Can a United States (“U.S”) national provide intermediation services for the benefit of a customer who is considering the acquisition of shares and assets of a company whose share capital is partially held by the Sudanese government?

October 2019

Since President Clinton’s Executive Order (“E.O.”) N°13067 of November, 3, 1997, (“EO Clinton 1997”), the U.S inflicted a commercial embargo and an asset freeze on the Sudanese government and part of its territory. Any Sudanese government’s properties and interests located within the U.S or placed under the control of a U.S national were frozen. This freezing also included assets of individuals acting on behalf or in the name of the government of Sudan, and those of entities held or controlled by it, wherever located.

At the time, the indirect implication of a U.S national in the buyout of a Sudanese company’s shares or assets could have fallen within the scope of the regulation, since any properties and interests of the Sudanese government transiting through U.S territory or entering into a U.S national’s possession were blocked. The perpetrator of an offence under this regulation was exposed to a criminal penalty of up to $1.000.000 and 20 years of imprisonment. In addition, an administrative penalty of up to $250.000 or twice the amount of the litigious transaction could have been inflicted.

On January, 13, 2017, President Obama’s EO N° 13761 (“EO Obama 2017”) partially abrogated “EO Clinton 1997” (Sections 1 and 2) and entirely repealed President Bush’s EO N° 13412 (“EO Bush 2006”) effective July, 12, 2017 – subject to the publication of a report from the Secretary of State noting that the conditions for the lifting of sanctions were still met as of that date. Since President Trump’s EO N° 13804 extended the review period, the revocation of U.S commercial and financial sanctions against Sudan was not officially effective until October, 12, 2017, following the publication of the Secretary of State’s report in the Federal Register. The Code of Federal Regulations (“CFR”) was officially amended in accordance on June, 28, 2018.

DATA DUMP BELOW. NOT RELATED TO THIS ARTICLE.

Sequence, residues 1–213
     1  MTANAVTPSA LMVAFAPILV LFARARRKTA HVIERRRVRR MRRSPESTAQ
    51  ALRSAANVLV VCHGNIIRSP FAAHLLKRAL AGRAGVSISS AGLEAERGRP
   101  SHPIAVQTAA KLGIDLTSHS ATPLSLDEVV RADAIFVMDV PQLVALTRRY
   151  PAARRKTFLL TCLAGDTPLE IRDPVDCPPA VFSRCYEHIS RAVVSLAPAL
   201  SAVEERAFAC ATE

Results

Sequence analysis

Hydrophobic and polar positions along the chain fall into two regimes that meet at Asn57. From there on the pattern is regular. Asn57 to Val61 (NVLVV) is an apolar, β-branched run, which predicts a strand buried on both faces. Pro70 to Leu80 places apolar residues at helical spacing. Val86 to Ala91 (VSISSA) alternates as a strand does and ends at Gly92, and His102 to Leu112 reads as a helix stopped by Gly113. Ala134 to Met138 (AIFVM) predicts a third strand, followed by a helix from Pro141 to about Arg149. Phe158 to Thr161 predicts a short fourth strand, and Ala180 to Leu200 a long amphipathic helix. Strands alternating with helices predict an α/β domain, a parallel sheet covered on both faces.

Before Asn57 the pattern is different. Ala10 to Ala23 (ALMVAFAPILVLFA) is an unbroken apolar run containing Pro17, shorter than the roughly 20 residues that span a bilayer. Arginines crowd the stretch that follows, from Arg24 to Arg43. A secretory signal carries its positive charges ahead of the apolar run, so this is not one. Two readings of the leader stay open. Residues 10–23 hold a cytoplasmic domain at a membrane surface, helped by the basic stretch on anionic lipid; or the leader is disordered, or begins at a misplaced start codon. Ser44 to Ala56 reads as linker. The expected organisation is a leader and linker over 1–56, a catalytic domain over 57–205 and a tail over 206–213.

The softening of the regulation in October 2017 did not lead to a general authorization of all business relationships with Sudanese persons.

On one hand, U.S nationals are still forbidden to conduct any business with persons mentioned in the Office of Foreign Assets Control (“OFAC)’s list of Sudanese Specially Designated Nationals (“SDNs”) identified with respect to the regulation concerning South Sudan and terrorism-related activities1. In sum, only relationships with SDNs identified under the tag [SUDAN] are free. Furthermore, the OFAC’s approval is required where the litigious transaction is affected by specific prohibitions related to Darfur2 ou and South Sudan3 .

On the other hand, U.S and foreign nationals must still obtain a license from the Bureau of Industry and Safety (Department of Commerce) in order to export or re-export certain products, technologies and software to Sudan, which are mentioned in the Commerce Control List« CCL »)4. However, the CCL is not restrictive, and a preliminary approval can be required – for U.S as well as foreign nationals – even for products that do not appear on the list where certain users or final uses are concerned5.

1 Global Terrorism Sanctions Regulations, 31 CFR, §594.
2 31 CFR, § 546.
3 31 CFR, § 558.
5 15 CFR, § 774.